More pretty flora and fauna.

Cacti on the equator

This beautiful cactus didn’t do anything to help my homesickness. I was ready to come back by the time we reached Ecuador. It is a lovely country, but not one I plan to visit again.
Next time I hit South America for work, I’m planning a week in Chile and a few days in Buenos Aires. I’ve always wanted to have an Eva Peron moment while actually in Argentina. Don’t cry for me…


14 Replies to “South America: Ecuador”

  1. That angel statue is HUGE! As is that woman’s fedora…

    The pictures are wonderful. I, for one, am enjoying the slide show. I may never get to see some of these places so I like seeing them through you.

    Beautiful waterfall… so nice.

  2. as usual, WOW. so while in the box, in the air, was that lady behind you riding along untethered? sounds dangerous. i showed hubby your photos and he asked about the black fedoras. why are they so popular? i didn’t know the answer. lovely butterfly. lovely shots! aaaaahhhh.

  3. I have loved reading about your travels. These pictures are fabulous! And how cool about the middle of the Earth. I had no idea!? Hope you’re having a great day 🙂

  4. Your travel saga has been enormously fun and I’ve learned a lot. Like Jessica, I’m fascinated with the “middle of the Earth.” Thank you so much for sharing your travels.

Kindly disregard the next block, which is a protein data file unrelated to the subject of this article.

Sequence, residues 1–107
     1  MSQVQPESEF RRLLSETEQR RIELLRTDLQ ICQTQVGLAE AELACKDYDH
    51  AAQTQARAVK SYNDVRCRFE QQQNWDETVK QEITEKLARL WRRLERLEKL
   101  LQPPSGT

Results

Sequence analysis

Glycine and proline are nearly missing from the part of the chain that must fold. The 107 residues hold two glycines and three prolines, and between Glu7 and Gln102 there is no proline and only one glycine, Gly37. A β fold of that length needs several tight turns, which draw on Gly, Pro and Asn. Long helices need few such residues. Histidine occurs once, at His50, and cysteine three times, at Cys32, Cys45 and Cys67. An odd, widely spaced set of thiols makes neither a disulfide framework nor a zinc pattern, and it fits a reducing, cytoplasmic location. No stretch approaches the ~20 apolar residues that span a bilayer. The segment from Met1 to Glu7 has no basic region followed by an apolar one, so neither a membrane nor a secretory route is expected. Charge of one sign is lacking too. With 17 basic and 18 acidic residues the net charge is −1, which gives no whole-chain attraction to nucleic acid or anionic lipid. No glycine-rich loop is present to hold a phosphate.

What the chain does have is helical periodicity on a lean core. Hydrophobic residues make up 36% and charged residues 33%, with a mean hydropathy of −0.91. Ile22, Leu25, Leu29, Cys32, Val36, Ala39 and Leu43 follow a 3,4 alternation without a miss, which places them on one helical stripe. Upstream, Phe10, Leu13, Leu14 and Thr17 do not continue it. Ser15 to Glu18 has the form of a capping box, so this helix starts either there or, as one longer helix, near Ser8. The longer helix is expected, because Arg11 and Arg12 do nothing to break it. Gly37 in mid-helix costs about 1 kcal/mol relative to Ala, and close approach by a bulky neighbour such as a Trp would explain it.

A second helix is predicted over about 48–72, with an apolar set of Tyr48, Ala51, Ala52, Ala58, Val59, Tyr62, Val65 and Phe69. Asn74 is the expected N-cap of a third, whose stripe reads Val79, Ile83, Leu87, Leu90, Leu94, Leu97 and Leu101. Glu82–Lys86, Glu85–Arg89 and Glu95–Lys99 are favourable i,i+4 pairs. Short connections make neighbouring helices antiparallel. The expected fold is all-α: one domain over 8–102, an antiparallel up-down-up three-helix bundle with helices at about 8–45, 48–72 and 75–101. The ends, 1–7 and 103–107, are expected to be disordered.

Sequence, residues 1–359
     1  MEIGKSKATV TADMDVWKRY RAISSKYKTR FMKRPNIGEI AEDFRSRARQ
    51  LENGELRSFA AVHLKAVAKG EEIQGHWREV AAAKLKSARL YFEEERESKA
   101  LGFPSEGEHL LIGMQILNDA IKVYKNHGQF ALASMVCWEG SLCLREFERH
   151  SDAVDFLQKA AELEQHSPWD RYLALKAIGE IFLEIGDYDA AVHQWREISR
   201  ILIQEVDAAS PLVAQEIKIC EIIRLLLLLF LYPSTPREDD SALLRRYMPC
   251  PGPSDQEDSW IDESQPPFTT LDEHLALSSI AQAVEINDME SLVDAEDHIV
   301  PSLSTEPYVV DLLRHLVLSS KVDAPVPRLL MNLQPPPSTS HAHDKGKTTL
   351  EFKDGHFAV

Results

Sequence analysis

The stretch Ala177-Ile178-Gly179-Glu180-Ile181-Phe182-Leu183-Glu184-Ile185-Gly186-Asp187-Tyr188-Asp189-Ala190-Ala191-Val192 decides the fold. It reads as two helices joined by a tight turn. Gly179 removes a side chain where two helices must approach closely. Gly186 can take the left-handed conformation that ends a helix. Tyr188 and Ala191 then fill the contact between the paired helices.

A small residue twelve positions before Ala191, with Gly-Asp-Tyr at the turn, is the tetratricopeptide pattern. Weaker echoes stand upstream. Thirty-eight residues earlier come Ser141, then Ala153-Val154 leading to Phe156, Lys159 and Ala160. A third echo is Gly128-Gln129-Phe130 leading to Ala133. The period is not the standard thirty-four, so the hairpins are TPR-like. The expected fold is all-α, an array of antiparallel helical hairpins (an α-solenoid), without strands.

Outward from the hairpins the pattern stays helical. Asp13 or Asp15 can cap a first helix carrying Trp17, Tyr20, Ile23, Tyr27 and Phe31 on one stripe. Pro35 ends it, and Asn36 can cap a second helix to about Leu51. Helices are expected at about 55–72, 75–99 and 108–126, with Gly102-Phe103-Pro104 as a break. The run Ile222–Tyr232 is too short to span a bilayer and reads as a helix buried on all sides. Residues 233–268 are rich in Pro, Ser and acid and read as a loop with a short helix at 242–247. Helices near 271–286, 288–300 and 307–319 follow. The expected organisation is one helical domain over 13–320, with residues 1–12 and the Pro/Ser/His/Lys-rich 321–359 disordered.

5. gorgeous photos- I love the cloudy forest. How fascinating about the ‘centre line’ of the earth- I never knew that!
    And you’re doing a good job at NOT appearing too freaked out in that little metal box. Don’t know that I would be smiling!

  6. Great shot of the waterfall – it looks beautiful there. How come your “500 feet up in a metal box” smile is the same one that greets me when you pick me up at the airport 😉 Should I be worried?

    Loving the photos!

  7. Hey, we’re loving our vicarious tour of South America!
    No joke!
    Love the angel above the city and the beautiful stained glass, love the lady selling gum and the cute kid on her back, never knew about the balace/equator thing (that must have been cool!), the forest looks amazing, but you can keep the ride on the metal box on the cable! That would have really terrified me!!!!!!!!

  8. Hey, if we were all bored, would we keep coming back for more?

    I know it’s been said by others but I feel compelled to say it too: had no idea about the wobbly thing at the equator–that is so cool! There is a hill just outside of Rome that Ale showed me where if you put an object on the ground, like a plastic water bottle, it rolls uphill by itself. Same with the car if you put in neutral. No, we had not had gin and tonics! Promise!

  9. Hey kel,
    Looks like another great worldly adventure, and you made the best of it as usual… we’re all very proud!

    I hate to burst your bubble, but I think you were only at zero latitude. I believe longitudinal zero (Prime Meridian) passes through Greenwich, England (hence “Greenwich Mean Time”…).
    I’m surprised I’ve never heard about the whole balance issue at the equator. I wonder if a compass would work?